FACTS: In 1950 in Madras, there existed a quota system for admission to colleges. The State maintained four medical colleges and four engineering colleges. The admission in that was on the basis that for every fourteen seats, 6 were to be given to non-Brahmins, 2 to backward classes, 2 to Brahmins, 2 to Harijans, 1 to Anglo-Indians and Indian Christians, and 1 to Muslim.
This was based on the order issued by the Province of Madras or Madras Presidency in 1927, before independence, which was called as Communal Government Order (Communal G. O.). The admission was based on the reservation on the ground of the caste of a person in government colleges and in jobs.
The State of Madras alleged that they were allowed to maintain and enforce the Communal Government Order as under Article 46 which is the Directive Principles of State Policy, they are entitled to maintain the order for the promotion of the educational interest of Scheduled Caste, Scheduled Tribe and other weaker sections in the society.
Shrimathi Champakam Dorairajan, a Brahmin, filed a petition in the High Court of Madras under Article 226 relating to the infringement of her fundamental right of admission to the college. She alleged that she was not able to get admission to the Medical College without her scoring enough marks. Shrimathi Champakam alleged that her fundamental rights under Article 15(1) and Article 29(2) were violated.
She requested for the writ of Mandamus to be issued restraining the State of Madras from enforcing the Communal G. O. Another petition was filed in the High Court of Madras by C. R. Srinivasan relating to his admission to the Engineering College. He also alleged the issue of a Writ of Mandamus. The High Court of Madras struck down the impugned Communal Government Order as it was a caste-based reservation and against the Constitution of India. Aggrieved by the judgment of the High Court, the present appeal was filed in the Supreme Court.
The issues in this case are:
- In case of conflict between Fundamental Rights and Directive Principles of State Policy, which one will prevail over the other?
- Whether the Communal Government Order of 1927 was against the Constitution or not?
This is a landmark constitutional judgment that paved the way for the 1st Amendment in the Constitution of India. The 1st Amendment in the Constitution included the addition of reservation policy in the Constitution by introducing clause 4 in the Constitution. Clause 4 of the Constitution as it stands today where the state is given the right to work for the backward classes or Scheduled Caste and Scheduled Tribe through the provision which is educationally and socially favorable. The 1st Amendment in the Constitution came at the time when the Lok Sabha was not formed as yet. It was formed in 1952. It was the first judgment that resolves the conflict between fundamental rights and directive principles of state policy. It acts as a mediator if and when the conflict between fundamental rights and directive principles of state policy arises.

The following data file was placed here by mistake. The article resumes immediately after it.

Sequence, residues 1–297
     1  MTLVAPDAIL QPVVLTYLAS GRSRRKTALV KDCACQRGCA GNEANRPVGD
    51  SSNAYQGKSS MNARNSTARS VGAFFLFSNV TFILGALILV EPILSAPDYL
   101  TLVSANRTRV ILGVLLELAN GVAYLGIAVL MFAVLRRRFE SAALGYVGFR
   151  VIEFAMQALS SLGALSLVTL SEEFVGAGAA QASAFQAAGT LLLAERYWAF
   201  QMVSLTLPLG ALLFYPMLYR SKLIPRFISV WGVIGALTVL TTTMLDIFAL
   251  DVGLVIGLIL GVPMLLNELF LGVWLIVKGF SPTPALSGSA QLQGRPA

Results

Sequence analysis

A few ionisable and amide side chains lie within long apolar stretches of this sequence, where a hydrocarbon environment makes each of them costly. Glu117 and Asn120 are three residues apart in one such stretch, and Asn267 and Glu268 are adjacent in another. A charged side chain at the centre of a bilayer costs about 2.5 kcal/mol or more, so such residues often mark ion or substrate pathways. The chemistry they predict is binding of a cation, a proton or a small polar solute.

This judgment proves to be of major significance as to have initiated as a method to distinguish when there is a conflict between fundamental rights and directive principles of state policy. The court also struck down the Communal Government Order that still existed even after the Constitution was in force.
That communal order was against the fundamental right of the Constitution and was thus, declared void. Article 13 became operation where legislation is proved to be not in conformity with the Constitution and was enacted before it came in force, will be struck down
S. R. Das J – This judgment covers both cases No. 270 of 1951 (State of Madras v. Srimathi Champakam Dorairajan) and case No. 271 of 1951 (State of Madras v. C. R. Srinivasan) which are appeals from the judgment passed by the H. C. of Judicature at Madras on 27-7-1950, on two separate apples. under Art. 226 of the Constitution complaining of breach of the petitioner.’ fundamental right to get admission into educational institutions maintained by the State.